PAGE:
The show recalls an insouciant time along the Cote d’Azur through five principle themes: Nice the resort capital of France, Nissa la Bella (Nice the Beautiful–the city’s unofficial anthem. Listen on YouTube: https://www.youtube.com/watch?v=15oZvZtsYYw), By the Mountains and the Valleys, Under the Azure along the Coast, and The News in Pictures.

The exhibit closes March 5, 2018.

The Museum’s permanent collection displays the history of Nice from the 19th century up to the end of 1930s. Highlights include Napoléon’s death mask and Josephine’s tiara with its glittery gemstones, gold, and pearls.

Massena Museum view from window

Practical Info

http://www.nice.fr/fr/culture/musees-et-galeries/musee-massena-le-musee

Hours: Tuesday-Sunday 11-6, winter; 10-6, summer.

Closed Tuesdays and certain holidays

Tickets: 6 Euros or buy a 7-day pass for 20 Euros (Access to all 12 municipal museums and galleries for 7 days in Nice)

Location: 65, rue de France (ticket entrance)

Val Lewton From Hollywood to Breezewood at AU Katzen Center

VL Paint CansLast few days to see Val Lewton From Hollywood to Breezewood, a retrospective of one of the most talented Washington (by way of Hollywood) artists. Former exhibit designer for Smithsonian’s American Art Museum, Val Lewton had a supreme and unique command of color and composition. (Full disclosure I’m friends with his widow, Claudia Manizozzi (also a painter), and knew Val from my former Smithsonian days. I also own two of his paintings as well as one of Claudia’s. And I wish I had wall space for more.)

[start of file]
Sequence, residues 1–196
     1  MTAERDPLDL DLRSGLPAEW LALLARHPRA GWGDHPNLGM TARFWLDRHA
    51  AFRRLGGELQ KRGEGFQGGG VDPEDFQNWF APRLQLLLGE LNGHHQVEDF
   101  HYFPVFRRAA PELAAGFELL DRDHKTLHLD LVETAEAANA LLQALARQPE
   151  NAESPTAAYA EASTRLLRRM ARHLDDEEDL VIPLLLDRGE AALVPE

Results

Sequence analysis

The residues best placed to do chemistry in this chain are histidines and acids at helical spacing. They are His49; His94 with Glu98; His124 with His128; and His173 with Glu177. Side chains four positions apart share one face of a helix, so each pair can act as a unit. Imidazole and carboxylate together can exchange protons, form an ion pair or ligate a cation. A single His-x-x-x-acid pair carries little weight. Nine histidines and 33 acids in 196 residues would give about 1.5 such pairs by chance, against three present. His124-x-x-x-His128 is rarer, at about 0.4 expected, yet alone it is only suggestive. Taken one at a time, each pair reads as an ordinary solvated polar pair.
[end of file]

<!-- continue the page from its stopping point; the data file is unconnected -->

VL Truck Cab

I have long been fascinated with building cranes that pierce the sky at construction sites, marveling how something so industrial can be so elegant against the sky. Val Lewton elevates these same scenes and more with his paintbrush to create penetrating and cinematic close-ups of mundane cityscapes: trucks, construction sites, cranes, shovels, gas stations, cars, highways, taxis, traffic jams, smoke stacks, police call boxes. From wrecked and razed construction sites to massive in your face truck cabs you can feel the power of the movement on the road.

VL Whitehurst Freeway

Val makes the ordinary extraordinary in such diverse images as his colorful, overflowing paint cans and his Dale City depictions of suburban sprawl. All on view just till August 13th. If you miss it, check out the accompanying full color catalog with essay by former Washington Post critic, Ben Forgey.

http://www.american.edu/cas/museum/2017/from-hollywood-to-breezewood.cfm

VLTaxisVLDale City VL Bee Bee VL Bee Bee air handler

 

 

Morgans Hotel NYC

Trees grow in NYC– I was surprised to see this little green city oasis from my room at
Morgans Hotel.

After being at a noisy writers conference over the
past weekend at the extremely loud Roosevelt Hotel on Madison Avenue, it was a
pleasure to come back to the calming atmosphere of Morgans Hotel (https://www.morganshotelgroup.com/originals/originals-morgans-new-york)
just eight blocks away on Madison. I’m a bit leery about giving away my secret
because I love this hotel and never want it to get too popular. That said, it
deserves a little mention. If you don’t know where you’re going, you might miss
the nondescript entrance under the triple arches. I’m not sure there’s even a
sign outside. Designed by Andree Putman, Morgans is a boutique hotel with a
modern yet European-style flair. The small lobby is instantly welcoming as is the
pleasant staff. The room’s color scheme is contemporary black
and white. The rooms are small unless you happen to get upgraded to one with a
sitting room. There’s not much space in the bathrooms and the HVAC is on the loud
side, but each room has an inviting, comfy, cushioned window bench—perfect for
stretching out your legs. There’s a small health club, free Wi-Fi, and a breakfast
buffet in a library-like atmosphere. It’s conveniently located just a block away from The Morgan Library Museum (http://www.themorgan.org/), which always has interesting exhibits and is itself a little oasis of art.